Probably the biggest elephant in the room was how the USA managed—or more accurately, didn't manage—any kind of cohesive policy on the lingering fallout of the Mexican-American War. While cities like San Francisco, safely in Northern California, had been rapidly assimilated into the bigger story of bustling, new American cities, the arbitrary borders resulting from the conflict were largely unresolved. There is a popular saying that went something along the lines that, "Mexicans didn't cross the border, the border crossed Mexicans." Even today the impact of the period can be felt in places such as El Paso, Texas where, Ciudad Juárez, just on the other side of the current border, is actually part of an earlier, organic conurbation that spanned the borders resulting from the Mexican-American War.


It would be comforting to say that those old allies in the Catholic-Celtic impetus and axis stood behind their Spanish brethren. They did not. Seizing their opportunity to “pass” among the power classes in a way seldom allowed in their own original homelands, they threw their lot in with those calling the shots in America. The Irish really did take over the NYPD. And, the Scots who could not make it big in America headed for their Protestant empire's stronghold of Canada. 

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"It costs a lot of money to look this cheap." - Dolly Parton

What the voice remembers

There were naturally new and interesting hybrids. One such example is what is now called Appalachian culture. From early European settlers to successive waves of Scots and Irish who had failed to find fame and fortune in the Eastern Seaboard ports of arrival, these Scottish and Irish immigrants had to navigate a new coexistence with the other significant influx: the Germans. And, though Protestantism was something that united many of these settlers, many of whom came from Protestant regions of Scotland and Northern Ireland, we also know from primary source materials that Catholic Scottish and Irish immigrants, beyond the beady eye of the Church of Rome, were happy to adjust to the creeds of Protestant beliefs if it promised their offspring a legacy nothing back in Europe could: the ownership of land and autonomy.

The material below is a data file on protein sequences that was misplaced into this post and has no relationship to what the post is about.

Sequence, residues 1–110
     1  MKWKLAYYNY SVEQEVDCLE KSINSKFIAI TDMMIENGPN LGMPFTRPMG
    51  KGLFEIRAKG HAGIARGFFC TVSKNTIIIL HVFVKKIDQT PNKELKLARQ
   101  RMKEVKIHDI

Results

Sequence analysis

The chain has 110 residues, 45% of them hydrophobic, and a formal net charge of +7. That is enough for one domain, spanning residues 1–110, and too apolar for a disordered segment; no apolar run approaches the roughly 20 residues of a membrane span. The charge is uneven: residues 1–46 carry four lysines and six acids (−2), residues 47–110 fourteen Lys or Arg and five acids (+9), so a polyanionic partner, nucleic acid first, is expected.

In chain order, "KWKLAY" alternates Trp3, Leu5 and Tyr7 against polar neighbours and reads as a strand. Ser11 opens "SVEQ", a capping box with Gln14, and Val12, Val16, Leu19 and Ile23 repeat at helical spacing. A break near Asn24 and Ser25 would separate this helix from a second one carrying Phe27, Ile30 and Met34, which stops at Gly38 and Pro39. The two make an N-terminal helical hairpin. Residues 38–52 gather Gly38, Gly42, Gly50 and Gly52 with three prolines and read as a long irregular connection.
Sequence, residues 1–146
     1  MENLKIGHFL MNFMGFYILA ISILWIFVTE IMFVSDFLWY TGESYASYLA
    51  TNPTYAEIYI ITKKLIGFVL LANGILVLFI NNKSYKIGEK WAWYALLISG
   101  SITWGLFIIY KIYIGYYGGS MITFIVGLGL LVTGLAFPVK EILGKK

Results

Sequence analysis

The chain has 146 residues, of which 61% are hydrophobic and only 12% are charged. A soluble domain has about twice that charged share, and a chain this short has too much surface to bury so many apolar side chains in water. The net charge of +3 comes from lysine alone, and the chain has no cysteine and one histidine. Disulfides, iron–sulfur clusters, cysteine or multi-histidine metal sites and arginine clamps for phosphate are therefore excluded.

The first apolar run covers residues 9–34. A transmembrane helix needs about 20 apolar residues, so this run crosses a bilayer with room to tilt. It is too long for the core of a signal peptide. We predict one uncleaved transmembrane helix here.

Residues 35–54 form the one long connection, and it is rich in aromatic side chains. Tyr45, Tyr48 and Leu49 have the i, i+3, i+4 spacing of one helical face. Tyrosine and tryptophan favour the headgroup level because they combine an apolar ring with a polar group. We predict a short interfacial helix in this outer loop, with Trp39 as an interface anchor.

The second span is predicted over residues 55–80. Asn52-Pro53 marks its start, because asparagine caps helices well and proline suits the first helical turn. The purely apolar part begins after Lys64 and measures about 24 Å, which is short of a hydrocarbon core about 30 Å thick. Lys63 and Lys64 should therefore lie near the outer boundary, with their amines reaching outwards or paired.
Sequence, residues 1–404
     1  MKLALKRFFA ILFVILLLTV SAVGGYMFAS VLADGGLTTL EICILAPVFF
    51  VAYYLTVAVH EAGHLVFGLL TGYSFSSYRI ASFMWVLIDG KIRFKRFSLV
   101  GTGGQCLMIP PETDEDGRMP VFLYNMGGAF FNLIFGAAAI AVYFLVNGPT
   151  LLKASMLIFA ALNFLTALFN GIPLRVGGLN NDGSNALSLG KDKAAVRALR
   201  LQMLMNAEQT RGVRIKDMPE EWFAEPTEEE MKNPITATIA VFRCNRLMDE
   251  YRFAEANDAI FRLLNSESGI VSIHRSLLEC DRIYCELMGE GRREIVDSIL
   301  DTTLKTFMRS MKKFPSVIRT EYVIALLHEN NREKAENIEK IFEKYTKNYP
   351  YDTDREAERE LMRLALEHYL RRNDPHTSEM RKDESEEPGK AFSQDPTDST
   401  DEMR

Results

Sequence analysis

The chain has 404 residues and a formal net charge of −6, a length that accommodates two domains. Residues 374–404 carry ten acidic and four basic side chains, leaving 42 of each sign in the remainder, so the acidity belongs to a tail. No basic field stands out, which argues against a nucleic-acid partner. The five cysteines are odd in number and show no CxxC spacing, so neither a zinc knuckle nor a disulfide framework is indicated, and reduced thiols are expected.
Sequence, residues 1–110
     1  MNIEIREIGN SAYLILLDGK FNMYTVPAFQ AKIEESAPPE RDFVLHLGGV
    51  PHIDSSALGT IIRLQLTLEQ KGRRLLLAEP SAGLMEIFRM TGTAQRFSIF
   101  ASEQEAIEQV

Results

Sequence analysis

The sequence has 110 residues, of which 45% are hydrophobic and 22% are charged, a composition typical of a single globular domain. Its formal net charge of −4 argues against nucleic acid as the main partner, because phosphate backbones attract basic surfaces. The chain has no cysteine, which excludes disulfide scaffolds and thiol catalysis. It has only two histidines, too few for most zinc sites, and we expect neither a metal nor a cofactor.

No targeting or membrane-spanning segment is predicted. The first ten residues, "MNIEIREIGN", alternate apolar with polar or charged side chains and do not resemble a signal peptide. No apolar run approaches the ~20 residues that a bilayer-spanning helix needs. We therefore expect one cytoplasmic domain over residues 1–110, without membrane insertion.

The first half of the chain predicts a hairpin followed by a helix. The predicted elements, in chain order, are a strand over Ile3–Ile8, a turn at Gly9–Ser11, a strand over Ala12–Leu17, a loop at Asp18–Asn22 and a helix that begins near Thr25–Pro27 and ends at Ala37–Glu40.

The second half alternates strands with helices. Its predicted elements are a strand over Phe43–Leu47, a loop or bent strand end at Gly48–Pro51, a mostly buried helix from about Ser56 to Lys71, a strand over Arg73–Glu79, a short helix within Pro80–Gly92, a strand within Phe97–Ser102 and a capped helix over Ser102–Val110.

Visual culture in the European senses of the notion had little place in these rough new mountain settlements where pragmatism and survival were everything. So it's not by chance that the material culture of such settlements either had a practical function—knitting, quilting or weaving skills carried by women settlers—or made use of readily available materials such as carvings whittled from wood or bone. Separated from their cultures of origin and closer to native peoples and a new nature, the few whose impetus to paint or draw, using whatever materials they could find, seemed naive and technically untrained by later observers, leading to the somewhat derisive classification as "folk art". Above all, these displaced cultures of Celtic origins returned to those art forms that had always been central: music, poetry and literature.